APHIS issues conditional license for canine influenza virus vaccine
The U.S. Department of Agriculture’s Animal and Plant Health Inspection Service (APHIS) announced in late June that it has issued a conditional license to Intervet/Schering-Plough Animal Health for a canine influenza virus (CIV) vaccine.
The vaccine, made from killed virus, is intended to aid in the control of disease associated with canine influenza virus infection, type A, subtype H3N8. Canine influenza was first identified as a disease in U.S. dogs in 2004, after an outbreak of respiratory disease in racing greyhounds in Florida. Since then, it has continued to spread and has now been detected in dogs in 30 states and the District of Columbia.
APHIS, through its Center for Veterinary Biologics (CVB), granted the conditional license following the acceptance of data supporting product purity, safety and a reasonable expectation of efficacy. The safety data included the results of studies that evaluated the product under normal conditions, including field safety trials of the size and scope required for full licensure.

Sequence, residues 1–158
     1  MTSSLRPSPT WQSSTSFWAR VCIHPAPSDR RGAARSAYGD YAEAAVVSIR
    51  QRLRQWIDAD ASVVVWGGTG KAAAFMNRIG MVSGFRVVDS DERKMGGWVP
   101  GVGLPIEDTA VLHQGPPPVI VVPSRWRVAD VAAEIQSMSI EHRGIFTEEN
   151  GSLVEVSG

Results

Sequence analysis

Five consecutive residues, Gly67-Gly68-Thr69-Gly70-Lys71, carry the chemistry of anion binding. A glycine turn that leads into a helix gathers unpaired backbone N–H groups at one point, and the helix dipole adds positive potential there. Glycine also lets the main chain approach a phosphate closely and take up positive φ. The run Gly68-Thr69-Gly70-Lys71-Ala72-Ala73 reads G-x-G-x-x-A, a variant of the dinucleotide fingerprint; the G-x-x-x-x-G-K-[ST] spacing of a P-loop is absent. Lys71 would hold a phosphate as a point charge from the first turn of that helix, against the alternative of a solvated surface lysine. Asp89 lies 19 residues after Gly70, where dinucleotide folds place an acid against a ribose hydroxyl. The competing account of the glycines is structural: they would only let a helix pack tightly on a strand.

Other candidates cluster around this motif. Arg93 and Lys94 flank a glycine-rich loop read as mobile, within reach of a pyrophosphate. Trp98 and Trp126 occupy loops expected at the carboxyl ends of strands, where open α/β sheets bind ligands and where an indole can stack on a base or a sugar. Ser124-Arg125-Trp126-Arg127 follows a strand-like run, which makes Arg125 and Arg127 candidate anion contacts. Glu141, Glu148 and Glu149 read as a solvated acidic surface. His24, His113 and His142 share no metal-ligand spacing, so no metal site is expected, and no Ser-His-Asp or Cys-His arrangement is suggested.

Studies indicate that the vaccine can reduce the incidence and severity of lung lesions, as well as the duration of coughing and viral shedding. The product is administered by by subcutaneous injection in two doses, two to four weeks apart, Intervet Schering/Plough explains. The new vaccine is recommended for use in healthy dogs at six weeks of age or older and can be given annually as a component of existing respiratory disease vaccine protocols to ensure more comprehensive protection.
Under the conditional license, the product may be distributed as authorized in each state, and used by, or under the supervision of, veterinarians. During the one-year conditional license period, the CVB will continue to monitor the product’s performance and will evaluate the company’s progress toward full licensure.
APHIS issues conditional licenses in the event of an emergency situation, limited market or other special circumstance. In this case, the special circumstance was the emergence of a new virus for which there were no existing licensed veterinary vaccines.